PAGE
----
Many people think that family road-tripping must be put on hold when you have a baby. But what’s the fun in that? Getting your children involved in travel, even at wee infant ages, can set them up for success down the road. We put together tips for taking a cross-country road-trip with the newest additions to your family.
1. Never travel more than 4-6 hours a day.
Your baby will get sick of the car seat, hungry or you’ll need to fill up on gas, and ignoring those factors will make for a very unhappy and unpleasant passenger. Plan to leave earlier than expected if you’re trying to make it somewhere on time.
If your baby is breastfed, you can’t simply remove them from their car-seat to feed on the road. If your baby can drink from a bottle, alternative ideas are to fill a couple bottles before you leave home, or pack a pump to fill bottles in the car. Imagine hitting traffic with a hungry baby and no method of feeding them… On a similar note, put a disposable changing pad between your baby and the car seat. This way, if they have an accident it won’t ruin the car seat and will be quicker to clean up.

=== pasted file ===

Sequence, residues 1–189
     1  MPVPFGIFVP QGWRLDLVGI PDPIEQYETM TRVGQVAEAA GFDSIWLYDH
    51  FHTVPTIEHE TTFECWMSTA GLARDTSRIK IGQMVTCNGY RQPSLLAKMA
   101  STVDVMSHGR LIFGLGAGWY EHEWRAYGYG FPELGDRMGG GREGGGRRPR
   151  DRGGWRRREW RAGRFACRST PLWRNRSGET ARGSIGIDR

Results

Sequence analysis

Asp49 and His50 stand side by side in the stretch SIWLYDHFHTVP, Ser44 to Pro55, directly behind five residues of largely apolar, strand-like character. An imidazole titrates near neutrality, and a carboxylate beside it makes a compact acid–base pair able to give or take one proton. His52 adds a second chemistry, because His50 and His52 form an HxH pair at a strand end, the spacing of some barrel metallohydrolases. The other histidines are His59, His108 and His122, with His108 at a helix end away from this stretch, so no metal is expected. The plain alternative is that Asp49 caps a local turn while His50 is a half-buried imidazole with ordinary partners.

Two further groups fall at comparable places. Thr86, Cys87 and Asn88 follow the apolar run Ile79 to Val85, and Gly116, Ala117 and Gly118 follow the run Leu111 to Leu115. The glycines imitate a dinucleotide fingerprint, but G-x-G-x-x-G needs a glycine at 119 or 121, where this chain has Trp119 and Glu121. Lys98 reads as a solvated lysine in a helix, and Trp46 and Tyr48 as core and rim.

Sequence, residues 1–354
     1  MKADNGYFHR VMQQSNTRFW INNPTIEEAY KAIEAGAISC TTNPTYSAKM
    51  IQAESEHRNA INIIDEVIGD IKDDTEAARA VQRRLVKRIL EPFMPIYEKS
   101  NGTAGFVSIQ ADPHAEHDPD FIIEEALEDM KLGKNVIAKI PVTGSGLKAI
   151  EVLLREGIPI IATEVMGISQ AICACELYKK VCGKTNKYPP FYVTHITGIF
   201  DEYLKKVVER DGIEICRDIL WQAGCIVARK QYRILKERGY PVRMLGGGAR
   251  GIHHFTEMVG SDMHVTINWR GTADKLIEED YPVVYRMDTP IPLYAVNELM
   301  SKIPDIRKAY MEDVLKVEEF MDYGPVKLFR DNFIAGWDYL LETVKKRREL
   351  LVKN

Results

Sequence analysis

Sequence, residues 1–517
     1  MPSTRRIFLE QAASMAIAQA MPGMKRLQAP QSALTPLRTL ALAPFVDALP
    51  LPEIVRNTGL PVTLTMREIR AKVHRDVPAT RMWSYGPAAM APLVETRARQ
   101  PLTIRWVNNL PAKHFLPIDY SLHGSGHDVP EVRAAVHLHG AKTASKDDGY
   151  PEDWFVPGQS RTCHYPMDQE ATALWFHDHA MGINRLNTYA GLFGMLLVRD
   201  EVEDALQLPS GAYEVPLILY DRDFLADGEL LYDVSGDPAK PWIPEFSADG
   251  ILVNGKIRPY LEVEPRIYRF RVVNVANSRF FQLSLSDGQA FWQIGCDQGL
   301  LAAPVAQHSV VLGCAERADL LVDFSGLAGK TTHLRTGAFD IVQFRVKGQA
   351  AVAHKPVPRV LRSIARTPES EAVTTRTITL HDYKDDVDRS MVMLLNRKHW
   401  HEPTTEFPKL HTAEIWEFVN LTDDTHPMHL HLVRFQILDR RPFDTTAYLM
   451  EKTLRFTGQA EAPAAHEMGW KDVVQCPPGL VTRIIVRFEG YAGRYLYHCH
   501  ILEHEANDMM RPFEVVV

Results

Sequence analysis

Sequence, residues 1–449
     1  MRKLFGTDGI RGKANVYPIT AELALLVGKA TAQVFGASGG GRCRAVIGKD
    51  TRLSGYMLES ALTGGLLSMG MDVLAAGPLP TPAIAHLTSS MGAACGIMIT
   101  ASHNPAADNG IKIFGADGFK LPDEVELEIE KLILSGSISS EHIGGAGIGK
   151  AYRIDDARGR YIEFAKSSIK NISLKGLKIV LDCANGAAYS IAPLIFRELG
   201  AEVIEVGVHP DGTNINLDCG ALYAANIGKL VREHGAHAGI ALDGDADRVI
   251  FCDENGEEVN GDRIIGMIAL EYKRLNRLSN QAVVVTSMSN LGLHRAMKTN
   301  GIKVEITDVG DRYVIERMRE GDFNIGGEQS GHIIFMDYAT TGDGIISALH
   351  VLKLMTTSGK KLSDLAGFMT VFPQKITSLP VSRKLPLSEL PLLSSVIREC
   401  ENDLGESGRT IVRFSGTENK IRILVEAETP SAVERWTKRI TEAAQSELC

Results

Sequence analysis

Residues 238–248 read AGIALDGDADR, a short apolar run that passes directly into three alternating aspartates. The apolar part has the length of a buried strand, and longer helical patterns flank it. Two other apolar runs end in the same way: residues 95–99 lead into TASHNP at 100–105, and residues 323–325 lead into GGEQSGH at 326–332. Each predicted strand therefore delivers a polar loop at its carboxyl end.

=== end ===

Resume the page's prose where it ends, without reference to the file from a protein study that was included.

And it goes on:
3. Hide their favorite toys.
Make sure to ask a few strangers to take family photos for you. You don’t want to look back and regret not getting more collective photos to show your child as they get older.
5. Bring an iPad or tablet.
Download one of our favorite Travel Apps, YouTube Kids, so your little one can keep entertained with fun, age-appropriate videos. An iPad holder can be purchased and hung around the head rest for easy visibility.
Know that every time you get in the car, the baby will probably fall asleep. Try to be in the car when you want baby to nap or you will have lots of unhelpful short naps. Hang a mirror around the headrest of the seat he/she is on; this way you can look back and see how they’re doing.
7. Get the baby a “US National Parks Passport” and start collecting stamps.
It’s a great keepsake for your child over the years. They might not remember the trip years from now, but they’ll have the souvenir to prove it happened.